Presentation Technology

Professional presentations nearly always involve some sort of visual, physical, or electronic support. Since the turn of this century, business presenters use multimedia resources at least some of the time (Hanke, 1999). Audiences expect the visual production values of a media culture (Simons, 1999), and everyone has access to easy tools such as PowerPoint or Google Slides (Ricadela, 2000; McCracken, 2000). In fact, a failure to use presentation tools professionally now undermines a presenter’s credibility (Endicott, 1999). A business professional simply must understand the basics:

The available technology ranges in complexity, and different media provide different advantages. A speaker should select the tools that best support his or her message.

Most presentations occur in the context of a corporate decision-making process. Audience members might be actively participating in a discussion of the topic, or the presentation might cover material for later discussion. In these situations, the group's ability to understand, remember, and apply the speaker's information is crucial.

Take-withs or handouts

Business speakers often provide key facts, statistics, or reference materials in a permanent format (Simons, 1999) the audience can "take with" them. Business audiences don't typically take extensive notes during a presentation, allowing themselves to participate fully in the discussion, and they expect to receive anything they'll need to refer to later. A permanent document also adds an element of seriousness to the fleeting nature of oral communication, serving as a testimonial record documenting the talk and signifying permanent responsibility for what has been said (Tufte, 1997).

  • Plain paper "handouts" are just one kind of reference. Other common options include brochures, bound reports, CDs, flash drives, and laminated reference cards. Obviously, content, production capabilities, costs, and utility are all considerations when preparing support materials, and often the simple handout is the most effective tool.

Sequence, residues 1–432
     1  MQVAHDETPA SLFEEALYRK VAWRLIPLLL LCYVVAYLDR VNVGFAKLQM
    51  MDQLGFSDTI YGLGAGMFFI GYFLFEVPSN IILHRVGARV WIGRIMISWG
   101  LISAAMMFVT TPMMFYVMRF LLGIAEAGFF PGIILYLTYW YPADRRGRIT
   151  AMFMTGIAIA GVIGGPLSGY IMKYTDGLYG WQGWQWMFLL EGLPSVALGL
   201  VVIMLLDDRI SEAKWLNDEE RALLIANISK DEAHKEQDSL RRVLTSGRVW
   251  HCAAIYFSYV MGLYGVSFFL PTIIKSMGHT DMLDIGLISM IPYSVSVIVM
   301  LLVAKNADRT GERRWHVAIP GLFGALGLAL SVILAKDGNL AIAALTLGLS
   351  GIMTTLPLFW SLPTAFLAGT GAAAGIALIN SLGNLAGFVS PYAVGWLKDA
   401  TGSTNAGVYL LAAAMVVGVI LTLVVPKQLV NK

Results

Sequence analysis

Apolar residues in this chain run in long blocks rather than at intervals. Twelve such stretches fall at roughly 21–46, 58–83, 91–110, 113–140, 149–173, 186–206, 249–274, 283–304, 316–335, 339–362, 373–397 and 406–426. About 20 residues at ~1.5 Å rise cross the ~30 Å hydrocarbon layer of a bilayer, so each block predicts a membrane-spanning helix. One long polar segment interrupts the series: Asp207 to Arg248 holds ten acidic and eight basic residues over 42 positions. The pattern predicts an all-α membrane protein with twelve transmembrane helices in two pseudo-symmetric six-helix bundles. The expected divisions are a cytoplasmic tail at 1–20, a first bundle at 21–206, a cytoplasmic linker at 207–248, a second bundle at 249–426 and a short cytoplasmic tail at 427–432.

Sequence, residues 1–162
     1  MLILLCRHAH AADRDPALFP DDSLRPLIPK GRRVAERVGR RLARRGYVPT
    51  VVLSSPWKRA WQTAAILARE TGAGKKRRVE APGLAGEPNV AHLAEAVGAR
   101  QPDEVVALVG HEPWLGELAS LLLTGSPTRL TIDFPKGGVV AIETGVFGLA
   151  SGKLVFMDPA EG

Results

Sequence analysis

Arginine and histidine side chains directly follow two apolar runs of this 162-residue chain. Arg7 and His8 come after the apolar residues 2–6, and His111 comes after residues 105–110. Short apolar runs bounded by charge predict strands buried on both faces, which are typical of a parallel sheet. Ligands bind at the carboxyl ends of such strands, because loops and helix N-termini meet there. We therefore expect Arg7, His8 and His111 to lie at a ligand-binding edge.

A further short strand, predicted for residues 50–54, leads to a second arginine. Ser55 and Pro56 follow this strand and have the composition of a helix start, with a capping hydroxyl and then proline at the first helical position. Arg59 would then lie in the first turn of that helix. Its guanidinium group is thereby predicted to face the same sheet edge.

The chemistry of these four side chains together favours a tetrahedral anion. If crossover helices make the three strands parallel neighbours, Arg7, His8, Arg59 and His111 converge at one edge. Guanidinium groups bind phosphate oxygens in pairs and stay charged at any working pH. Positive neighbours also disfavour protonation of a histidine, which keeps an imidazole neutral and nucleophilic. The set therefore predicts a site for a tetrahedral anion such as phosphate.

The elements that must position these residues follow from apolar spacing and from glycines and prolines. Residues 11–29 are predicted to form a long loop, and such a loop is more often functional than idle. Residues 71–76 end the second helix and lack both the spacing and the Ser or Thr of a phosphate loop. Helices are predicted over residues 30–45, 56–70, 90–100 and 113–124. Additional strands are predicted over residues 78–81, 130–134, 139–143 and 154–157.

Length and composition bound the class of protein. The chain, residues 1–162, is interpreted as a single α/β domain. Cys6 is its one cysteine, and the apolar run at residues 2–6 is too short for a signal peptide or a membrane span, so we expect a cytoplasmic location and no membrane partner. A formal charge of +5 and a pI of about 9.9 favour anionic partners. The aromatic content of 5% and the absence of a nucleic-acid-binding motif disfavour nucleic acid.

• Take-withs should coordinate with, but never duplicate oral or visual elements of the presentation. They might elaborate and expand on information covered in the presentation (Britz, 1999) or summarize the key facts or decision issues. Never provide printed copies of the slides as a handout.

  • If a version of the presentation is prepared for the audience to refer to later (or for distribution to individuals not in the audience), convert the format into a complete, coherent, stand-alone document. Provide full citations for any figures, quotations, or graphics, and add explanatory text wherever the speaker explained material on a slide.

  • Audiences should be discouraged from reading materials thoroughly during the presentation. Trainers might design handouts for the audience to use for note taking or reference during the presentation, but asking an audience to read rather than listen or discuss is a waste of valuable meeting time. When the audience receives copies of a proposal or report, a speaker might refer to a specific table or image, but should ask listeners to set the material aside after making the point.

  • If oral explanations or animations are required to understand the handouts, create a video version that includes the speaker's image and words. This can be accessed with a QR code, at a website location, or, when distributed electronically, as an embedded video file. When electronic distribution will follow the live presentation, many presenters will arrange for a video or webcast recording.

  • When mixing media, be wary of situations that unnecessarily create redundant information. For example, never read a handout or slide to an audience, or provide a handout that is a manuscript of the presentation.

Flip charts, whiteboards, and transparencies

Although these non-electronic tools seem "old-fashioned" to some, there's often nothing quite like real-time notes that reflect the immediate interests of the audience.

  • Flip charts. Flip charts can be prepared ahead of time or used extemporaneously. Speakers will use this technology as a simple but eye-catching way to preview an agenda or outline, to provide graphics or illustrations, and to include ideas drawn from audience comments.

To create the illusion of drawing extemporaneously, use a very light pencil to sketch words or images, and then draw over with markers during the presentation.

Leave a blank page between each prepared sheet, both to create a neutral visual and because most paper is so thin images will show through one page.

To create a permanent, visual reminder, tear off the flipchart sheets and use masking tape to fasten them to the walls. Bring sheets back to the next meeting for further discussion, or use them as notes for a permanent document.

  • Whiteboards. White boards are less suitable for advance preparation, although electronic "smart" boards can create a permanent record of drawings or notes made during a meeting or presentation. Some models allow the printing of notes right from the board to create handouts for the audience.